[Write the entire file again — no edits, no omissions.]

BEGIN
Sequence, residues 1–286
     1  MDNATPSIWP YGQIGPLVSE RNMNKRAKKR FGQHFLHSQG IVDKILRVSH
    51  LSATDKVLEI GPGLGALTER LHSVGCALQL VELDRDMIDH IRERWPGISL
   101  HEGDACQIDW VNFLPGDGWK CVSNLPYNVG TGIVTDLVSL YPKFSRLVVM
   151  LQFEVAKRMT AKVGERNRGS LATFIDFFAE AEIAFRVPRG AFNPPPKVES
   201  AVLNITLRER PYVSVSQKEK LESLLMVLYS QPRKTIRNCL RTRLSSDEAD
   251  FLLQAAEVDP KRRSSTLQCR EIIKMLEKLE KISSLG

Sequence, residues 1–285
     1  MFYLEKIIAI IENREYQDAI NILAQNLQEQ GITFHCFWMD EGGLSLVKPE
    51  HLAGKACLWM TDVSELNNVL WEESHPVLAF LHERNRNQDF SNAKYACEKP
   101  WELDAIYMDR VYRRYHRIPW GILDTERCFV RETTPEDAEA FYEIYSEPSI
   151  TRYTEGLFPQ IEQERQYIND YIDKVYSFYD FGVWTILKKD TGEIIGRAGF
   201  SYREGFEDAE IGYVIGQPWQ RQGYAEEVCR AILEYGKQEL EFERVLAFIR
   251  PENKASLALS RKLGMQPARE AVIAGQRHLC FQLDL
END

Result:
Sequence, residues 1–286
     1  MDNATPSIWP YGQIGPLVSE RNMNKRAKKR FGQHFLHSQG IVDKILRVSH
    51  LSATDKVLEI GPGLGALTER LHSVGCALQL VELDRDMIDH IRERWPGISL
   101  HEGDACQIDW VNFLPGDGWK CVSNLPYNVG TGIVTDLVSL YPKFSRLVVM
   151  LQFEVAKRMT AKVGERNRGS LATFIDFFAE AEIAFRVPRG AFNPPPKVES
   201  AVLNITLRER PYVSVSQKEK LESLLMVLYS QPRKTIRNCL RTRLSSDEAD
   251  FLLQAAEVDP KRRSSTLQCR EIIKMLEKLE KISSLG

Sequence, residues 1–285
     1  MFYLEKIIAI IENREYQDAI NILAQNLQEQ GITFHCFWMD EGGLSLVKPE
    51  HLAGKACLWM TDVSELNNVL WEESHPVLAF LHERNRNQDF SNAKYACEKP
   101  WELDAIYMDR VYRRYHRIPW GILDTERCFV RETTPEDAEA FYEIYSEPSI
   151  TRYTEGLFPQ IEQERQYIND YIDKVYSFYD FGVWTILKKD TGEIIGRAGF
   201  SYREGFEDAE IGYVIGQPWQ RQGYAEEVCR AILEYGKQEL EFERVLAFIR
   251  PENKASLALS RKLGMQPARE AVIAGQRHLC FQLDL